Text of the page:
You know that euphoric feeling that comes with falling in love? We crave it – the rush of emotion, the excitement at getting to know someone new – staying in bed all weekend because you can’t get enough of each other. Much like riding a roller coaster, we like the adrenaline rush!
There’s nothing wrong with falling in love, with craving that time together. Romance is something we all desire. But what happens when your love crosses a line into something unhealthy?
Codependency is one of the biggest challenges we face in relationships.
But here’s the other thing: it’s also insidious, sneaking up on us when we think we’re fine. Instead of developing ourselves and our own power as individuals, in a codependent relationship, we come to depend on the other person as the sole source of happiness and fulfillment. Most people don’t even realize they are enacting codependent patterns, because we are taught that romantic relationships are supposed to provide so many things for us – happiness, fulfillment, love, affection, and perpetual joy! In essence, you place your power in the hands of someone else. YOUR PARTNER is completely responsible for making you happy.
This doesn’t work.
We are each responsible for our own happiness, and in a healthy relationship, both partners maintain their power. They pursue their own personal goals. They are able to give to one another without compromising themselves – their own dreams, actions and desires.
“Needing” your partner is not love, it’s fear – and this is the root of codependency – fear. Fear of being alone, of never finding someone to love, of not being “enough.”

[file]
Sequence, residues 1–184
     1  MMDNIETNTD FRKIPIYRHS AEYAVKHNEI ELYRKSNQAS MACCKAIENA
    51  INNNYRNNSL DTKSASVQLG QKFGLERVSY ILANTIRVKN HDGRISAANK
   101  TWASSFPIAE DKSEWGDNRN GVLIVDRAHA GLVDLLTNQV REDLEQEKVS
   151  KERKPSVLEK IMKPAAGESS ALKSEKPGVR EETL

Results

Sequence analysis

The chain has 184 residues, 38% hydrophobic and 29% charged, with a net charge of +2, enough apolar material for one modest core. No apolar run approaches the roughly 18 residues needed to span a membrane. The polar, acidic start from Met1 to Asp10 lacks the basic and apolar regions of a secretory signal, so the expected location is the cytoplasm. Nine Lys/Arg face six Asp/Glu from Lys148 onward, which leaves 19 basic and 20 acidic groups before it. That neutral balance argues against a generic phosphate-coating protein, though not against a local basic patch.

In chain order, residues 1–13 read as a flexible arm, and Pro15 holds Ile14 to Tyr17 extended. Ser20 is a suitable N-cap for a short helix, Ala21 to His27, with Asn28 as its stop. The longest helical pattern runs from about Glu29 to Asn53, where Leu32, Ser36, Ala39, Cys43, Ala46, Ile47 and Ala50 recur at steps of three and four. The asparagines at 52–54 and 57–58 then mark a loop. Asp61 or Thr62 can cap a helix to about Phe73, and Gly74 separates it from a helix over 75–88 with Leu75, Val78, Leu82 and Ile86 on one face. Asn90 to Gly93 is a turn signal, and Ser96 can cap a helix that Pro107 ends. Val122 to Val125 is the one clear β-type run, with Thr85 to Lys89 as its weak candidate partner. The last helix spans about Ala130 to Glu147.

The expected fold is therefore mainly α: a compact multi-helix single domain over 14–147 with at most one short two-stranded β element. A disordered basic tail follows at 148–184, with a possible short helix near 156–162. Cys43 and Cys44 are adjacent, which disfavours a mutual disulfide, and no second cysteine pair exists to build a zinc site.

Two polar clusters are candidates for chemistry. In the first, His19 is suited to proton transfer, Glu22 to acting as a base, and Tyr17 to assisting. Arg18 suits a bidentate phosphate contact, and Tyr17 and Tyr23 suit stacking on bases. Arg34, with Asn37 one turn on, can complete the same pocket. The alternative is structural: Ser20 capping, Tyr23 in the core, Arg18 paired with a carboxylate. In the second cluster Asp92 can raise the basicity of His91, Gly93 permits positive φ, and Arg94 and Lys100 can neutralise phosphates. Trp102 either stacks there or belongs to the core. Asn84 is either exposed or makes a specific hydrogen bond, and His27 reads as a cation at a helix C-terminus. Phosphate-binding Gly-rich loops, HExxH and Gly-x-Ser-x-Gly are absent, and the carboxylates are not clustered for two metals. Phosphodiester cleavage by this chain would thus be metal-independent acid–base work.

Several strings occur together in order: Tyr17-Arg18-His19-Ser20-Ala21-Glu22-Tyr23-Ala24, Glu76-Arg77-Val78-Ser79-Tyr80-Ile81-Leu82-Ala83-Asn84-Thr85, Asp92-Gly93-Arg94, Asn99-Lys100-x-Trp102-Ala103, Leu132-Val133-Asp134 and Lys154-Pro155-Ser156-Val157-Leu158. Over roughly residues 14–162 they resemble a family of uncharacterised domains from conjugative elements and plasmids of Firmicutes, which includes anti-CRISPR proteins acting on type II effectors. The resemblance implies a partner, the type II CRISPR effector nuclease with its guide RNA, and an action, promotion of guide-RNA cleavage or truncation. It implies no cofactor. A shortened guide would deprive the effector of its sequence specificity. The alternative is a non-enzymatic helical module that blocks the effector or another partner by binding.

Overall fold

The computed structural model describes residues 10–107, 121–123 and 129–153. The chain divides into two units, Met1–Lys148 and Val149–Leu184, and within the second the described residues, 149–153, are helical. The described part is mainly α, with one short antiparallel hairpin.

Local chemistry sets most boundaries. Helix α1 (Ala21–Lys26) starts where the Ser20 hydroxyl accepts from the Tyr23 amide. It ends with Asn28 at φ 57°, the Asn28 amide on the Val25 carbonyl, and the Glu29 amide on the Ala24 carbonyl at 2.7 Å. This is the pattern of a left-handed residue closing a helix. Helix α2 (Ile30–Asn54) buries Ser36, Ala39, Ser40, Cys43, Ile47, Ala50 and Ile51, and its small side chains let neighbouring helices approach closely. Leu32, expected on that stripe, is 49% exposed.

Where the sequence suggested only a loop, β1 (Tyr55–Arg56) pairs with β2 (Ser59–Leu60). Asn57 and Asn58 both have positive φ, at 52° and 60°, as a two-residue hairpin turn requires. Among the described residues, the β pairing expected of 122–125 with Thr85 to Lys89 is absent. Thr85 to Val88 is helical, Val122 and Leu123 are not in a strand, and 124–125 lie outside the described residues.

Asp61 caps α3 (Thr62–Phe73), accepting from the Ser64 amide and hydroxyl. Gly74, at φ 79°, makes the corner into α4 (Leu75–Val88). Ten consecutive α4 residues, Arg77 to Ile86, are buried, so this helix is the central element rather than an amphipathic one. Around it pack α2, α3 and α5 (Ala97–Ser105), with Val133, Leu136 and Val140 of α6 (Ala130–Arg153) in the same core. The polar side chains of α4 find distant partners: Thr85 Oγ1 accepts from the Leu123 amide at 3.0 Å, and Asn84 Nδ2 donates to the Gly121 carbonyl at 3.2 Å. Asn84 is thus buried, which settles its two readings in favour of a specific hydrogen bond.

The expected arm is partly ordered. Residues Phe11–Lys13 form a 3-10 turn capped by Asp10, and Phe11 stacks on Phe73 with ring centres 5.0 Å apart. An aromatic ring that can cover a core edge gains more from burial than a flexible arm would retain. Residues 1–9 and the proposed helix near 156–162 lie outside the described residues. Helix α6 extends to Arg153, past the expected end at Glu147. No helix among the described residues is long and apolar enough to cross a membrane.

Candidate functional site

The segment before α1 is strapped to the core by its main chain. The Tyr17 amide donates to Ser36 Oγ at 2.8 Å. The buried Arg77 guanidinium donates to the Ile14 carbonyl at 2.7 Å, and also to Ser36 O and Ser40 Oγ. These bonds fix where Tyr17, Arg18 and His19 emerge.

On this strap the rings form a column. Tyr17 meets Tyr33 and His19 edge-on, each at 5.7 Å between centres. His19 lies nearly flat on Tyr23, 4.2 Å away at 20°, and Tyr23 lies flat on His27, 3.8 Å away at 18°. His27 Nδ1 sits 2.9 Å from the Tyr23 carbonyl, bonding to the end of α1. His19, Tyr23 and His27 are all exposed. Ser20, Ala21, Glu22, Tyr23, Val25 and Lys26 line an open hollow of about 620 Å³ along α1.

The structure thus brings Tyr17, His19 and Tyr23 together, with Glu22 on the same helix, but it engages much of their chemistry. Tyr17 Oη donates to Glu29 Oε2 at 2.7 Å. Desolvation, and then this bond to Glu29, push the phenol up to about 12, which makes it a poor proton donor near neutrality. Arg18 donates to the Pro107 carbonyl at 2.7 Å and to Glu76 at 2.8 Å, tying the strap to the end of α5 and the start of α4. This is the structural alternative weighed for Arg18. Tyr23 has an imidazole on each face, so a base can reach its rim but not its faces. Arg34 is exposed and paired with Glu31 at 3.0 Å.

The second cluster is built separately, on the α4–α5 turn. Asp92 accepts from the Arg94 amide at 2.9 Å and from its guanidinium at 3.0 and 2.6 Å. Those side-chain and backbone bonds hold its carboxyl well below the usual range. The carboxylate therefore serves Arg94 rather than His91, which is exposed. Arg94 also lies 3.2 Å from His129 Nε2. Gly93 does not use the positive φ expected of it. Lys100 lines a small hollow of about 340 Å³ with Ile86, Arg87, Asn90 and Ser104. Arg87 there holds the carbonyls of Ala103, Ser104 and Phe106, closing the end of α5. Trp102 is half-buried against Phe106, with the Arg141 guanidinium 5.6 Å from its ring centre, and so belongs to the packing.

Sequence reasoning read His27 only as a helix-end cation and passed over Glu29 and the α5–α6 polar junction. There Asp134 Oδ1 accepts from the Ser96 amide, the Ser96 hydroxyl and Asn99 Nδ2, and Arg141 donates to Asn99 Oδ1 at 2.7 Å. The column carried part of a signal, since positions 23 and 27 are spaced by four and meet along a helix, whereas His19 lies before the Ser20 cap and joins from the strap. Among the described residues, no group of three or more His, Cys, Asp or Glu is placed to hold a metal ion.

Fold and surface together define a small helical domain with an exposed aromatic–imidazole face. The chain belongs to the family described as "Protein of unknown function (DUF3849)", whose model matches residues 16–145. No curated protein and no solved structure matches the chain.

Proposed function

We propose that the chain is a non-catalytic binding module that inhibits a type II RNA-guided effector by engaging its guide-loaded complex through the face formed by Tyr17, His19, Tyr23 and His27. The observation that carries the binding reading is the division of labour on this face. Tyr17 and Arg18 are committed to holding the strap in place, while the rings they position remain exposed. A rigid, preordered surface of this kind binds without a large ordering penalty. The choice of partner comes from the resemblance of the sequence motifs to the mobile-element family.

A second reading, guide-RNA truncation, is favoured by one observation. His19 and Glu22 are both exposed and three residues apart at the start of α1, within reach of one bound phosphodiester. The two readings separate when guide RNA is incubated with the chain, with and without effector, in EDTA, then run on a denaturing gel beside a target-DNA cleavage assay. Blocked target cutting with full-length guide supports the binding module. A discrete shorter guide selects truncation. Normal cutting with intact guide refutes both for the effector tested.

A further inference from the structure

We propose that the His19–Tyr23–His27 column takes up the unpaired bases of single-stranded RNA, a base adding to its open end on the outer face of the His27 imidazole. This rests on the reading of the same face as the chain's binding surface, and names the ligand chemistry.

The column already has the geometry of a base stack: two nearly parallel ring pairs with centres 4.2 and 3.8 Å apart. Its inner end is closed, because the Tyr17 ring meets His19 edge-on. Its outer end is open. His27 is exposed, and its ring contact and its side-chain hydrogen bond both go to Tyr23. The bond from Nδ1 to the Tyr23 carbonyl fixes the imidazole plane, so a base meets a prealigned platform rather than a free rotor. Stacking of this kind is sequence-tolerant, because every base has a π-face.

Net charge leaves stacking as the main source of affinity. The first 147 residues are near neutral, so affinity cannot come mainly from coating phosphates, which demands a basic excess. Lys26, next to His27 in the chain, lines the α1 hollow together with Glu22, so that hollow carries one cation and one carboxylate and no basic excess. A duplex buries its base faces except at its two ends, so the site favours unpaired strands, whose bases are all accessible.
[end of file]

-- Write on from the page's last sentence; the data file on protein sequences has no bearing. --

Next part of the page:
Following are 3 ways to know if you’re in a co-dependent relationship:
You can’t live without your partner.
While it seems romantic, if the idea of living without a partner fills you with dread, or if you find yourself jumping from one serious relationship to the next, you’re enacting codependent behavior. It’s important to pursue your interests outside of a relationship, and to know that you can be independent. Be by yourself for a while so you can feel comfortable being alone – it’s truly empowering. Carrying this feeling of empowerment with you into your next relationship will make a healthy difference.
You like to play emotional caregiver.
Again, it seems romantic to want to take care of someone. But if you jump into relationships with damaged people, taking them on as “projects” and trying to help heal their wounds, you’ll be left feeling unhappy and disempowered. We are each meant to feel empowered – not by depending on others for our happiness, but by creating our own. Whether you let someone else take care of you emotionally, or you feel the need to take care of them, you are taking part in a codependent relationship. Have the strength to let them go so they can stand on their own without needing your help. This is the only way for each of you to reclaim your power, and will make both of you happier in the long run.
You don’t think you deserve love.
Many people in codependent relationships feel emotionally “incomplete,” and that they need to prove themselves or be someone special to earn someone’s love. This is not the case – love is given freely when it is healthy. We all deserve love. We are all “good enough.” If your partner is telling you to be someone else in order to “win” his love, run the other way. If he breadcrumbs you, leave him. You deserve love – it is not something to “get.” It is something two people give to each other.